The thing is that Anderson (like Pynchon before him) is doing a kind of stoner noir here, a hard-bitten detective story with a soft-chewing hippie detective. You’ll smell the intoxicating mix of patchouli, marijuana smoke and incense blending together at the same time as you feel like you’re in a stoners apartment in which a fine layer of ash coats everything and every container possible has stubbed out cigarette butts and the counter tops faint signs of cocaine lines left behind. Both Da Queen and I felt the squalor permeating our skin and exited the theater into the cool night air, relieved to be breathing in something fresh and unadulterated by intoxicants.

Phoenix and Brolin are fine actors, Oscar nominees both. Phoenix does befuddled about as well as anybody and he plays stoned perhaps better than anybody save Seth Rogen. He captures the part of Doc about as well as anybody’s going to without doing the copious amounts of weed that Doc does during the film – and who knows, maybe he did. Brolin on the other hand plays the flat topped brush cut cop who wants to be the next Jack Webb but is more likely to be the most recent Martin Milner. He’s the best part of the movie, partially comic relief but not always.

We get that people did a lot of drugs in the 70s. We don’t have to see them light up in every fucking scene, take a long drag, and then proceed with the scene. I would estimate that about 20 minutes of the two and a half hour run time is devoted to watching people go through the mechanics of smoking dope and cigarettes and it gets monotonous. So too does the story, which meanders from place to place, becoming maddeningly interesting but just when it’s about to, takes off on another tangent with the previous story elements never to reappear again. Eventually the last 30 minutes the film picks up steam and for that reason the movie isn’t getting the first Zero rating this site has ever given out but it came damn close.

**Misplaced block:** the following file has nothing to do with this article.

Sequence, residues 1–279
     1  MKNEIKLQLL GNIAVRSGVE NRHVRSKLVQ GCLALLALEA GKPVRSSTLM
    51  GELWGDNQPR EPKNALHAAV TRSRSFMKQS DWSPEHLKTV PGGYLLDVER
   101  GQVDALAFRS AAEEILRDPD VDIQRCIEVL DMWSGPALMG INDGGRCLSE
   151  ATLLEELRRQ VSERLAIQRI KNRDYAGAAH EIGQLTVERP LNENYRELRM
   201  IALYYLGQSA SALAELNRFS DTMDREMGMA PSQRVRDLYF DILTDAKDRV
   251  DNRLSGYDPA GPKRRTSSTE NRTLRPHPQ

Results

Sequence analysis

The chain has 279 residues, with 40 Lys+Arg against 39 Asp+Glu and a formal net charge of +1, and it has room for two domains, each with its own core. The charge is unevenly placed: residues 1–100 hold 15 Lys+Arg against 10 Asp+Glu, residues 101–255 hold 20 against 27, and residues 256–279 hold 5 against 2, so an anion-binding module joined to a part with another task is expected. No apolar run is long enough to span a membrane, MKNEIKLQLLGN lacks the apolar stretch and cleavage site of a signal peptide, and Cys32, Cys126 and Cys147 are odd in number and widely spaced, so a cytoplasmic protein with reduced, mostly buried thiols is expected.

I get the sense that Paul Thomas Anderson’s ego wrote checks that this movie didn’t have the funds to cash and I’m not talking budget here. Pynchon as a writer has a delightful command of language and to Anderson’s credit as the screenwriter adapting his work, he does try to utilize that in the script where he can. Sadly, both Pynchon and Anderson are guilty of the same kinds of excesses – one in literature, the other in cinema – and the two don’t make a good match.

I’ve always admired Anderson for his creativity and for making movies that don’t conform to any standards, but that is a double edged sword and the blade is cutting deep here. Whereas There Will Be Blood is damn near a masterpiece, this is kind of a sordid mess that never really manages to get going and throws so many characters at you that pretty soon you begin confusing one longhair for another. That’s never a good sign. I had hopes that the combination of Pynchon and Anderson might yield up a great movie. Some folks may argue that it did. I would contend that it did not.

REASONS TO GO: You can always walk out.
REASONS TO STAY: Way long. Dwells on minutiae too much. Watching stoners being stoned is about as entertaining as watching mimes at work.
FAMILY VALUES: Near-constant drug use and profanity. Some violence. There’s also a good deal of sexual content and occasional graphic nudity.
TRIVIAL PURSUIT: This is the first time that Rudolph has appeared in a Paul Thomas Anderson film. The two have been a couple for more than a decade.
CRITICAL MASS: As of 1/20/15: Rotten Tomatoes: 70% positive reviews. Metacritic: 81/100.
COMPARISON SHOPPING: Forbidden Zone
FINAL RATING: 1/10
NEXT: Listen Up, Philip